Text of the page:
CVN-68 USS Nimitz
USS Nimitz has answered its country's call many times in response to regional and international crises. In doing so, the aircraft carrier has secured a prominent place in history, just like her namesake, Fleet Admiral Chester W. Nimitz.
The keel of USS Nimitz (CVN 68) was laid on June 22, 1968 at Newport News Shipbuilding and Dry Dock Company in Newport News, Virginia. It was destined to become the largest warship ever. The ship was commissioned May 3, 1975, at Pier 12, Naval Station Norfolk, Va. by the Honorable Gerald R. Ford, President of the United States. Principal guests included: the Honorable James R. Schlesinger, Secretary of Defense; the Honorable J. William Middendorf, II, Secretary of the Navy; Admiral James L. Holloway, III, Chief of Naval Operations and Mrs. James T. Nimitz-Lay, Ship's Sponsor.
Speaking to a crowd of over 20,000, the President said in his remarks: "Wherever the United States Ship Nimitz shows her flag, she will be seen as we see her now - a solid symbol of United States strength; United States resolve. Made in America and manned by Americans. Whether its mission is one of defense, diplomacy or humanity, Nimitz will command awe and admiration from some, caution and circumspection from others and respect from all."
Today's crew stands ready, as did the commissioning crew, to answer their nation's call and take their place in America's maritime heritage.
Nimitz' first deployment began on July 7, 1976 when it departed Norfolk for the Mediterranean. Included in the task force were the nuclear-powered cruisers USS SOUTH CAROLINA and USS CALIFORNIA. The deployment marked the first time in 10 years that nuclear-powered ships had deployed to the Mediterranean. In November 1976, Nimitz was awarded the coveted Battle "E" from Commander, Naval Air Forces Atlantic Fleet, for being the most efficient and foremost aircraft carrier in the Atlantic Fleet. The ship returned to Norfolk Feb. 7, 1977 after a seven-month deployment.
Nimitz again sailed toward the Mediterranean Sea Dec. 1, 1977. Following a peaceful deployment, the ship returned home to Norfolk July 20, 1978. During Nimitz' third cruise to the Mediterranean beginning Sept. 10, 1979, it was dispatched to strengthen the U.S. Naval presence in the crucial Indian Ocean area as tensions heightened over Iran's taking of 52 American hostages. Four months later, Operation "Evening Light" was launched from Nimitz in an attempt to rescue the hostages. The rescue was aborted in the Iranian Desert when the number of operational helicopters fell below the minimum needed to transport the attack force and hostages out of Iran. During its deployment, the ship operated 144 continuous days at sea. Nimitz' homecoming on May 26, 1980 was, at the time, the largest given to any carrier battle group returning to the United States since the end of World War II. The ship's crew was greeted by President and Mrs. Carter, members of Congress, military leaders and thousands of families and friends.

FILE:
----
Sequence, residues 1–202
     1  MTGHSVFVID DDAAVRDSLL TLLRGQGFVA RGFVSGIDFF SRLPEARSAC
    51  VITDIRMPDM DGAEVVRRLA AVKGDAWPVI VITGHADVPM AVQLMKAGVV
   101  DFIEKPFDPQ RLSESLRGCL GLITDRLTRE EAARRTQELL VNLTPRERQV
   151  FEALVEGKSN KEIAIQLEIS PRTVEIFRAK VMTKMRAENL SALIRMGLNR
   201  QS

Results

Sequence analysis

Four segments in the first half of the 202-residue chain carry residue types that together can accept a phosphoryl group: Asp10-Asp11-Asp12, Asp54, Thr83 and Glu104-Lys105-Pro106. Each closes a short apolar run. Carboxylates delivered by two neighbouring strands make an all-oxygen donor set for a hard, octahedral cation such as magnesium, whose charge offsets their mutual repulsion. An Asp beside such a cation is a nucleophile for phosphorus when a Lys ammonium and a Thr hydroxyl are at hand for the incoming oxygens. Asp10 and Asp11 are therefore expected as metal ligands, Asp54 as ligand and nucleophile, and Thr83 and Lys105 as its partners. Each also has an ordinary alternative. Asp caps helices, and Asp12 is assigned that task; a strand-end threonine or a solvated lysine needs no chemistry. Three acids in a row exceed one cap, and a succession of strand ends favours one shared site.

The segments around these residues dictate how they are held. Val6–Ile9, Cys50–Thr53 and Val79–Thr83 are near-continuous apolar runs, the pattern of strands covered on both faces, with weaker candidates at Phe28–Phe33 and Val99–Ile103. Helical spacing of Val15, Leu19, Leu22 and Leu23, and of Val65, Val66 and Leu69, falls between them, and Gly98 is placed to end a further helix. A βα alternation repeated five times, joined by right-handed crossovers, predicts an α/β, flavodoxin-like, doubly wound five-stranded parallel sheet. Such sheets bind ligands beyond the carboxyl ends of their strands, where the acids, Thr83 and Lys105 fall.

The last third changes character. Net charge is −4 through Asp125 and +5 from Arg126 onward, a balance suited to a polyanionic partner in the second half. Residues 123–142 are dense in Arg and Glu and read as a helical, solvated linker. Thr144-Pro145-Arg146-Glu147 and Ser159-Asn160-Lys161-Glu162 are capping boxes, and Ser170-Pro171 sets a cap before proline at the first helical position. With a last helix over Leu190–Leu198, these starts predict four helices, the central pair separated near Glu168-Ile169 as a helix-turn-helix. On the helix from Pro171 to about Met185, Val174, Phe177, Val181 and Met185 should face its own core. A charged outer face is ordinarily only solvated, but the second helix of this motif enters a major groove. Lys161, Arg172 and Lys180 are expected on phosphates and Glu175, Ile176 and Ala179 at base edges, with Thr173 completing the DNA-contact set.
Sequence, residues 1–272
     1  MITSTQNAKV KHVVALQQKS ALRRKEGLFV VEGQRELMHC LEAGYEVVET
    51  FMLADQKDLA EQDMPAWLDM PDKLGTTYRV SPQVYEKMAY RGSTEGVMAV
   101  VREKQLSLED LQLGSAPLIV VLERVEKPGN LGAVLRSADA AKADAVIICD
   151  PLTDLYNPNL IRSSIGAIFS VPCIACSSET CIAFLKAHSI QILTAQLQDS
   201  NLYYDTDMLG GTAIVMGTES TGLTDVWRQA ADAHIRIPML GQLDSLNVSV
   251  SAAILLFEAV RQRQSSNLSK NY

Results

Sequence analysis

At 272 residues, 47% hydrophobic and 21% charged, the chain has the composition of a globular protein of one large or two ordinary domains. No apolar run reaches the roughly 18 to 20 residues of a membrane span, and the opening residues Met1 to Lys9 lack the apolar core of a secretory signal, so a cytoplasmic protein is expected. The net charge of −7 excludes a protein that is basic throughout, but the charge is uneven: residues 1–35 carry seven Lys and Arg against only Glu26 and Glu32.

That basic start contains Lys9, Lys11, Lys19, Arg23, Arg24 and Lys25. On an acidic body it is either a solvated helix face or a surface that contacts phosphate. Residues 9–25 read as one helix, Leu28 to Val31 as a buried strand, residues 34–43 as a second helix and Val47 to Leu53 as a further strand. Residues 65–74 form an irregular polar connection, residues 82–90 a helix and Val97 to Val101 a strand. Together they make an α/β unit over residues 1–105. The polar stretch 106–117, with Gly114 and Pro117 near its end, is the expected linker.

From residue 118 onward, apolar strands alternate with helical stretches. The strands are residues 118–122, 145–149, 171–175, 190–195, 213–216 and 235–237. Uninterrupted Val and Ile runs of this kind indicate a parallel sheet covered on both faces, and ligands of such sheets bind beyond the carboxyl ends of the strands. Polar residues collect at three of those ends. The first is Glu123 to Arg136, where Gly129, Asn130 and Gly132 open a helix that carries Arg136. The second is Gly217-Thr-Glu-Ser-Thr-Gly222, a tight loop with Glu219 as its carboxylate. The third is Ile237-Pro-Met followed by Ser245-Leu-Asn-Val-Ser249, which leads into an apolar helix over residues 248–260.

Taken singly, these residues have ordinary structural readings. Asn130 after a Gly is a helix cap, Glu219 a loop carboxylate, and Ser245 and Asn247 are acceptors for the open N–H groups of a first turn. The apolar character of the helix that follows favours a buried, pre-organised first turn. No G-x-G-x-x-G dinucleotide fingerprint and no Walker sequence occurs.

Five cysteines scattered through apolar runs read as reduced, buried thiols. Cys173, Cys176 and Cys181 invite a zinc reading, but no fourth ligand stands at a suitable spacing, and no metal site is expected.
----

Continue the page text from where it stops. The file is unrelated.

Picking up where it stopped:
On May 15, 1981, Nimitz departed Norfolk for the final phases of her workup schedule for an upcoming Mediterranean Cruise. On the night of May 25, an EA-6B Prowler crash-landed on the flight deck, killing 14 crewmen and injuring 45 others. The carrier returned to port to repair damaged catapults and returned to sea less than 48 hours later to complete its training schedule. On August 18 and 19, 1981 during its fourth deployment, Nimitz and USS FORRESTAL conducted an open ocean missile exercise in the Gulf of Sidra near what Libyan leader Khadafi called the "Line of Death." On the morning of August 19, two Nimitz aircraft from VF-41 were fired upon by Libyan pilots. The Nimitz pilots returned fire and shot both Libyan aircraft from the sky. Newspapers across the country rallied around the incident against terrorist-backing Libya with front-page headlines reading "U.S. 2 - Libya 0."
On June 14, 1985, two Lebanese Shiite Muslim gunmen hijacked TWA Flight 847, carrying 153 passengers and crew, including many Americans. In response, Nimitz was ordered to steam at flank speed to the Eastern Mediterranean, off the coast of Lebanon, where it remained until August. After another extended deployment, Nimitz left the Mediterranean on May 21, 1987. It crossed the Atlantic Ocean, rounded the rough waters of Cape Horn, South America, and sailed for the first time in the waters of the Pacific Ocean enroute to its new homeport, Bremerton, Wash. Nimitz arrived there July 2, 1987.
In September, 1988, the ship operated off the South Korean coast to provide security for the Olympic Games in Seoul. On Oct. 29, 1988 Nimitz began operating in the North Arabian Sea where it participated in Operation "Earnest Will." This operation called for U.S. Navy ships to protect shipping lanes and escort U.S. registered (re-flagged) Kuwaiti tankers. On Feb. 25, 1991, Nimitz departed Bremerton for the Western Pacific and eventually the Arabian Gulf, where it relieved USS RANGER, during Operation Desert Storm. The ship returned to Bremerton Aug. 24, 1991. Nimitz again deployed Feb. 1, 1993 to the Arabian Gulf, relieving USS KITTY HAWK to take its place as part of Operation Southern Watch. The ship returned after a mishap-free deployment in August, 1993.